U.S. and Turkey try to ease tension over missile deal – Washington Examiner

Acting U.S. Defense Secretary Patrick Shanahan is working behind the scenes with his Turkish counterpart Hulusi Akar to ease tensions between the NATO allies over Ankara’s planned purchase of Russian S-400 air defence missiles, the Washington Examiner said on Wednesday.

Turkish President Recep Tayyip Erdoğan’s insistence on the Russian system and his resistance to a safe zone to protect America's Kurdish allies in Syria are the biggest issues that have brought Ankara and Washington to loggerheads, the news website said.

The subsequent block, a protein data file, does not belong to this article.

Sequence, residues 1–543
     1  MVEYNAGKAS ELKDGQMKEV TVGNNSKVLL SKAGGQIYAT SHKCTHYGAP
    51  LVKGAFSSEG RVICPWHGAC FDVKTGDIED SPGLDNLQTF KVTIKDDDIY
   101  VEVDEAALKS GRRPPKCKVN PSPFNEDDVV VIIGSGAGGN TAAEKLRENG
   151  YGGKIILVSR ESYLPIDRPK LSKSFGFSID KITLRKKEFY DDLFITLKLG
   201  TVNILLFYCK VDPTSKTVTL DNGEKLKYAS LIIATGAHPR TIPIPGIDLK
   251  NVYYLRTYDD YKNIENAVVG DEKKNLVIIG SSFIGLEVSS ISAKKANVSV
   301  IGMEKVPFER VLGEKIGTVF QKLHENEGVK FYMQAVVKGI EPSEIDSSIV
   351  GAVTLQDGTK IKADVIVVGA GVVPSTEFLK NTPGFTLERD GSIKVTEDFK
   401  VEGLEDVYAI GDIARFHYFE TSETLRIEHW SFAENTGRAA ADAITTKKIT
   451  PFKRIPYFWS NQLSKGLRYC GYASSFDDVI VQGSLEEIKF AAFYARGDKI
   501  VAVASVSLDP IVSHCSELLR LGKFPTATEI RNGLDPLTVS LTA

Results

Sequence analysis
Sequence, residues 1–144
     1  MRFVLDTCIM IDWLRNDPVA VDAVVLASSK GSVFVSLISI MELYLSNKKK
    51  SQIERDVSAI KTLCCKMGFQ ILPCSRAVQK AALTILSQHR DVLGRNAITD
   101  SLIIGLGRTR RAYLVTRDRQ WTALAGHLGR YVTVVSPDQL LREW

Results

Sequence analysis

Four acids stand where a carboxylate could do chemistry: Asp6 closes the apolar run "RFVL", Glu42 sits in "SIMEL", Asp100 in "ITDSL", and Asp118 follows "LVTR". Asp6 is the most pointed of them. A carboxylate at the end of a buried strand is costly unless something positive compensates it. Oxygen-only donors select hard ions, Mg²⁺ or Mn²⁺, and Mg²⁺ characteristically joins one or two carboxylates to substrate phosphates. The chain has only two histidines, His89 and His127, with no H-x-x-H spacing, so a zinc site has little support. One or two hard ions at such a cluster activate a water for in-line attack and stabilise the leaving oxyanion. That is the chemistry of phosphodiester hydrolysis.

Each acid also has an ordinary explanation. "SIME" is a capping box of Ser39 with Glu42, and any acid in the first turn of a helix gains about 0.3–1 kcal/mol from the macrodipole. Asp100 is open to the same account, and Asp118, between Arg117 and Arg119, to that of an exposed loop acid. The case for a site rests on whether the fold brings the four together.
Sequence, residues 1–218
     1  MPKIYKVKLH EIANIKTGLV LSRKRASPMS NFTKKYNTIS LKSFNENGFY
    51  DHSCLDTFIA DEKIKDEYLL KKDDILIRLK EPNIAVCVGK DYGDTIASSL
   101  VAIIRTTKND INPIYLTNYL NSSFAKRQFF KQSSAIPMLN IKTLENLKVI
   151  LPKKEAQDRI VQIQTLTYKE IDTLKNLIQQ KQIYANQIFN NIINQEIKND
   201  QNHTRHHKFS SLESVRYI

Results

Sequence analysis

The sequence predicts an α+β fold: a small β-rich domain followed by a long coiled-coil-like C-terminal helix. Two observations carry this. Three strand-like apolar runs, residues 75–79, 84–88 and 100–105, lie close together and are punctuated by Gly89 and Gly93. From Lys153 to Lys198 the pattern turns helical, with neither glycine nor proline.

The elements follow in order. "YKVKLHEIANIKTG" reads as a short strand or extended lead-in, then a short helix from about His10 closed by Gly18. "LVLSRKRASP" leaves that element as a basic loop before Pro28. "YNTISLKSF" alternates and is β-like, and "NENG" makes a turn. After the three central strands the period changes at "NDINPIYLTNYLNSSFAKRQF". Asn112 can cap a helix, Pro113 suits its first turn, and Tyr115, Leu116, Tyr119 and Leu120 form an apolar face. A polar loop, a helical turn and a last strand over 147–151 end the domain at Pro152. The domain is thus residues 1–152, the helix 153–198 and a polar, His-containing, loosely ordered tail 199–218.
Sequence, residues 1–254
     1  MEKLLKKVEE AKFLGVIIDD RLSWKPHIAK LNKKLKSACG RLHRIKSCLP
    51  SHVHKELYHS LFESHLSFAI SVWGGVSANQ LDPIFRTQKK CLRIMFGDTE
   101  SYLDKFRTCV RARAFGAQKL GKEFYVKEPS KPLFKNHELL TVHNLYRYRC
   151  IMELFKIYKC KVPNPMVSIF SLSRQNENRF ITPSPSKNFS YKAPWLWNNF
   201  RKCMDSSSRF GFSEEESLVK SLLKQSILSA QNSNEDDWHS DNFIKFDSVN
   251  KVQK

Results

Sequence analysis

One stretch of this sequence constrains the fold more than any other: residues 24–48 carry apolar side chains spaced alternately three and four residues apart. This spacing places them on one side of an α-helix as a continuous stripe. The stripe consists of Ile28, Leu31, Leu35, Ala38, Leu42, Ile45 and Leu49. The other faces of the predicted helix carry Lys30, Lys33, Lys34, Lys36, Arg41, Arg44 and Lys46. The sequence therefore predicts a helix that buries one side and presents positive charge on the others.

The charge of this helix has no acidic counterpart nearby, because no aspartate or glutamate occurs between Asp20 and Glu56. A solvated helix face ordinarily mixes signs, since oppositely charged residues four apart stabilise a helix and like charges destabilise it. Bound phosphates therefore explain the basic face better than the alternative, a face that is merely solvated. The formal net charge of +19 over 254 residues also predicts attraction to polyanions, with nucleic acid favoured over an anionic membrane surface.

Akar, unlike other visiting foreign ministers, was spirited in and out of the Pentagon on Tuesday before reporters even knew he was there, the article said.

Acting chief Pentagon spokesman Charles Summers said in a statement the ministers met as strategic partners and “focused their discussion on interests, rather than positions, and on the importance of U.S.-Turkish cooperation bilaterally and as NATO allies in achieving mutual security and economic prosperity for both countries and the region.”

Summers made no mention of the spat over the U.S. threat to halt a joint F-35 fighter jet programme with Turkey or implement sanctions if it goes ahead with the purchase of the Russia missile system.

Meanwhile, Turkish presidential spokesperson İbrahim Kalın said Washington’s plans to implement sanctions against Ankara would backfire.

“Everybody has to understand Turkey’s legitimate security concerns,” Kalın said.